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Mexico's industrial production report released yesterday brought encouraging news about the state of the economy, helping relieve some doubts about its health.
The U.S. reached a trade agreement with Canada on Sunday, adding its northern neighbour to the pact sealed a month ago with Mexico.
The dovish members of Banxico's board garnered further support on Friday for prolonging the current easing monetary cycle over coming meetings.
Improving fundamentals have supported private spending in Mexico during the current cycle.
Banxico yesterday left its policy rate unchanged at 3%, the highest level in a decade.
Mexican GDP was unchanged quarter-on-quarter in Q2, according to the final report, a tenth worse than the preliminary reading.
Data released on Friday in Mexico strengthened the case for further interest rate cuts in Q3. The monthly IGAE economic indicator for April, a proxy for GDP, plunged 19.9% year-over-year, a record drop since the series started in 1993, and down from -2.3% in March.
Mexico's final estimate of third quarter GDP, released yesterday, confirmed that the economy is still struggling in the face of domestic and external headwinds.
Data released yesterday confirmed that Mexico's economy ended Q4 poorly, confounding the most hawkish Banxico Board members.
The minutes of the Banxico's monetary policy meeting on February 7, when the board unanimously voted to keep the reference rate on hold at 8.25%, were consistent with the post-meeting statement.
Data released yesterday confirmed that the Mexican economy ended Q4 poorly; policymakers will take note.
We remain negative about the medium-term growth prospects of the Mexican economy.
Brazil's external accounts continue to surprise to the upside, with the current account deficit remaining close to historic lows and capital flows performing better than anticipated, mostly due to higher-than- expected FDI.
Mexico's economic picture remains positive, although the outlook for 2019 is growing cloudy as the economy likely will lose momentum if AMLO's populist approach continues next year.
President Trump's volatile diplomatic style is one of the biggest risks facing the Mexican economy in the near term, as we have discussed in previous Monitors.
Data released last week confirmed that Mexico's economy stumbled in the first half of the year, hurt by a temporary shocks in both the industrial and services sectors, and heightened political uncertainty, due to policy mistakes at the outset of AMLO's presidency.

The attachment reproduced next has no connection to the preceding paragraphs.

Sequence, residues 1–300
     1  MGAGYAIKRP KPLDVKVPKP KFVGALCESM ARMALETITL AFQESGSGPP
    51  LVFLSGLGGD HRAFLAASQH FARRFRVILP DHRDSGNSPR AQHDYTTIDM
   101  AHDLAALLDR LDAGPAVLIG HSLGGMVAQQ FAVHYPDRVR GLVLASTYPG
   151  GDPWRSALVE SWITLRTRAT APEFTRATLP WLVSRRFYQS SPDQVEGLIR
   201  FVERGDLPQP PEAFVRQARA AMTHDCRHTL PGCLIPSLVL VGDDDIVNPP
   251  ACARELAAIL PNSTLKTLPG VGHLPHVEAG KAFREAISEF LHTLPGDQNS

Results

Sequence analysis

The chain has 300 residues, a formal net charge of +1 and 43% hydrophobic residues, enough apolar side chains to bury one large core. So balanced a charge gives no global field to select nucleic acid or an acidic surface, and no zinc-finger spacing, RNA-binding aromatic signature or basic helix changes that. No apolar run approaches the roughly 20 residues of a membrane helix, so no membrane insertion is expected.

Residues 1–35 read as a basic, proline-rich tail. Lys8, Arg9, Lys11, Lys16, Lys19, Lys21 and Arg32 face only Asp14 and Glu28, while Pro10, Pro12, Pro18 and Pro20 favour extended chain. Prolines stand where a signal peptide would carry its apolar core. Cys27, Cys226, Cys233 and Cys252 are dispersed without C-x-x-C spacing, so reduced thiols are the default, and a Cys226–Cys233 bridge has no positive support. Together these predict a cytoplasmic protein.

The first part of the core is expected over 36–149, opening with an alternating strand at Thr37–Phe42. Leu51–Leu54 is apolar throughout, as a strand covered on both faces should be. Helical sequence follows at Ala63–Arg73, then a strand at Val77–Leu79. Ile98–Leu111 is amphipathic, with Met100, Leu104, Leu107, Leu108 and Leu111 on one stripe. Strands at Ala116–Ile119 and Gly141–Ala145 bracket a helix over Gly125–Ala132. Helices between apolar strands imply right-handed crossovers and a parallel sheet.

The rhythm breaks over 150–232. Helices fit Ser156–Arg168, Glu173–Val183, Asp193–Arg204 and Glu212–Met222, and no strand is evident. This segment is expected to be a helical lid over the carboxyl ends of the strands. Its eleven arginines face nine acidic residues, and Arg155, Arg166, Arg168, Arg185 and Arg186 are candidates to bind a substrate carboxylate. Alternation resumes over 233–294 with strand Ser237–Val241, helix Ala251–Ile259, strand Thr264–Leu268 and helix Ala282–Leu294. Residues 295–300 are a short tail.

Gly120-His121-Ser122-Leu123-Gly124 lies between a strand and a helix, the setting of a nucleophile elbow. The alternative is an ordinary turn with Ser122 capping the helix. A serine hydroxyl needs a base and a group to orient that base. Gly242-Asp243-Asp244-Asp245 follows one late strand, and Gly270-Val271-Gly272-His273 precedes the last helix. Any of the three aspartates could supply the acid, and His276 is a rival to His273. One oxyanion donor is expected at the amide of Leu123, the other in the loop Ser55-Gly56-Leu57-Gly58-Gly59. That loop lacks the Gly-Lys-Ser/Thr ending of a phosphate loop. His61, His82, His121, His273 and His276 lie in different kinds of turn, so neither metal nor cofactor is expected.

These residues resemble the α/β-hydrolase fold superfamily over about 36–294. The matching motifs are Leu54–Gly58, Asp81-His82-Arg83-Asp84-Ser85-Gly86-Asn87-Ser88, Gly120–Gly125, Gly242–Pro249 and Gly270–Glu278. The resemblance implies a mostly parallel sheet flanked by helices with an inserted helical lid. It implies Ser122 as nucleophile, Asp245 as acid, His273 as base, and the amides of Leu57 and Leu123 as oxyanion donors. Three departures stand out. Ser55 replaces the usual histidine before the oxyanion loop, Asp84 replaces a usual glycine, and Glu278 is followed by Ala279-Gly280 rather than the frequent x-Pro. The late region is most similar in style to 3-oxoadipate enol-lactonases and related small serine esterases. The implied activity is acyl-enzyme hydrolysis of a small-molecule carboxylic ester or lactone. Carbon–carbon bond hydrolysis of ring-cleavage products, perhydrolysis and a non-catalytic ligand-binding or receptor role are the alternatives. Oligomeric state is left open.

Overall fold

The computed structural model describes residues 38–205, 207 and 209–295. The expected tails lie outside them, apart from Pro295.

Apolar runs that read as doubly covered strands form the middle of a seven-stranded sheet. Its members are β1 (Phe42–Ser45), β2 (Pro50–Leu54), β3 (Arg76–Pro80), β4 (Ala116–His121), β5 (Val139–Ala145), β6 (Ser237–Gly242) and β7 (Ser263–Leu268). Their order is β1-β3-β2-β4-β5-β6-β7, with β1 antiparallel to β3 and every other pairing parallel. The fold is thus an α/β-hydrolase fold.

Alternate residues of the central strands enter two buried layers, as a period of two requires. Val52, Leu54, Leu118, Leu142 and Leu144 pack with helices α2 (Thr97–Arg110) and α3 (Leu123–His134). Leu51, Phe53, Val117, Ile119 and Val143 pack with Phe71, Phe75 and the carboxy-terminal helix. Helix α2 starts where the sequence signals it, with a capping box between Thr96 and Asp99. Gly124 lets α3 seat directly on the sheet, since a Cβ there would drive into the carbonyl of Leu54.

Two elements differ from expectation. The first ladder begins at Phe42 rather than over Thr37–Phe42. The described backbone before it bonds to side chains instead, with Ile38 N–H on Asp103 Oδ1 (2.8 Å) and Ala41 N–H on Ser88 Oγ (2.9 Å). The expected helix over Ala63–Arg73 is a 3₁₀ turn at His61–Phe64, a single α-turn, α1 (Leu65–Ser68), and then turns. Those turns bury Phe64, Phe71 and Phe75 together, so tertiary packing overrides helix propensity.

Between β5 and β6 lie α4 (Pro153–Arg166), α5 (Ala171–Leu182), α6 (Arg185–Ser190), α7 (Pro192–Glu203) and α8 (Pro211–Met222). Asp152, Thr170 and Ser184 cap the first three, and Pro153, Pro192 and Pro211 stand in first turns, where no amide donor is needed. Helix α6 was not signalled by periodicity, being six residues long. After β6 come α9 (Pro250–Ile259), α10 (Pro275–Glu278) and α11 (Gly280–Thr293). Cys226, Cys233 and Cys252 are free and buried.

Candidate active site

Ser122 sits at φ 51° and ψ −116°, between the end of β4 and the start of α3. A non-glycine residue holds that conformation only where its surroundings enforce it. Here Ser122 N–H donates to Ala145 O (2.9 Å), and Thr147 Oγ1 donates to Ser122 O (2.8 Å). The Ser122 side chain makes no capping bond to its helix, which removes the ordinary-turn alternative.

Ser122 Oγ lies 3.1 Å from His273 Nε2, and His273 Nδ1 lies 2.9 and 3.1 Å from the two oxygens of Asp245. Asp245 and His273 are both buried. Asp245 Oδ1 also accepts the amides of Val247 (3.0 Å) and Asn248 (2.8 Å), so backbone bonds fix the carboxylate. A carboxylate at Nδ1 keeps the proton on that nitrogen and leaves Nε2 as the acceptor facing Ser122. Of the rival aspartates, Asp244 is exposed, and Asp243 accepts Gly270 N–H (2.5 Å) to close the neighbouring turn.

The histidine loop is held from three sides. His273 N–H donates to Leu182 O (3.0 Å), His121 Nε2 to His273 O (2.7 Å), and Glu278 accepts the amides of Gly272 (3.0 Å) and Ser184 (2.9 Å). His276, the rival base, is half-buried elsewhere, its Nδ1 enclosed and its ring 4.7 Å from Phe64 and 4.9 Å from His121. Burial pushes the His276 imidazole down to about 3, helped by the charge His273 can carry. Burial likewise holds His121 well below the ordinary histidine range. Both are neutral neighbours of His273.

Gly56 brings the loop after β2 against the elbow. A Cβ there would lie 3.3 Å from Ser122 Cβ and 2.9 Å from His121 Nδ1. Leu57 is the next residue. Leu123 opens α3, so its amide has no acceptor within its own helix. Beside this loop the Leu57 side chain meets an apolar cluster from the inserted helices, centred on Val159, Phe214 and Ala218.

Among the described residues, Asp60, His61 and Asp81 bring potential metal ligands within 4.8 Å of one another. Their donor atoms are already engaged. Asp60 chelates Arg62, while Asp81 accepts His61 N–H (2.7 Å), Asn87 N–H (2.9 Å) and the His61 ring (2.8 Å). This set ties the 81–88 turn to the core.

The Brazilian Senate concluded last week the first vote- of-two- on the pension reform.
Headline inflation in Brazil remained low in October, and even breached the lower bound of the BCB's target range.
September PMI surveys in Mexico continued to bolster our argument for a subpar recovery in the second half of the year.
In Mexico, Banxico left its policy rate unchanged at 7.75% last Thursday, as was widely expected.
Recently released data in Mexico are sending weak signals for the business outlook, and the Texcoco airport saga won't help.
Monday will see 5% tariffs going into effect on Mexican exports to the U.S.--which totalled about USD360B last year--unless President Trump steps back from the brink.
We have witnessed a dramatic shift in just a few weeks in perceptions of Mexico as an investment destination.
Yesterday's first estimate of full-year 2019 GDP in Mexico confirmed that growth was extremely poor, due to domestic and external shocks.
The economic calendar in Mexico was relatively quiet over Christmas, and broadly conformed to our expectations of poor economic activity in Q4.
Recent economic indicators in Mexico have been terrible. The worst of the recession seems to be over, but recent hard data have underscored the severity of the shock and made it clear that the recovery has a long way to go.
Data released this week have confirmed that the Mexican economy is struggling and that the near-term outlook remains extremely challenging.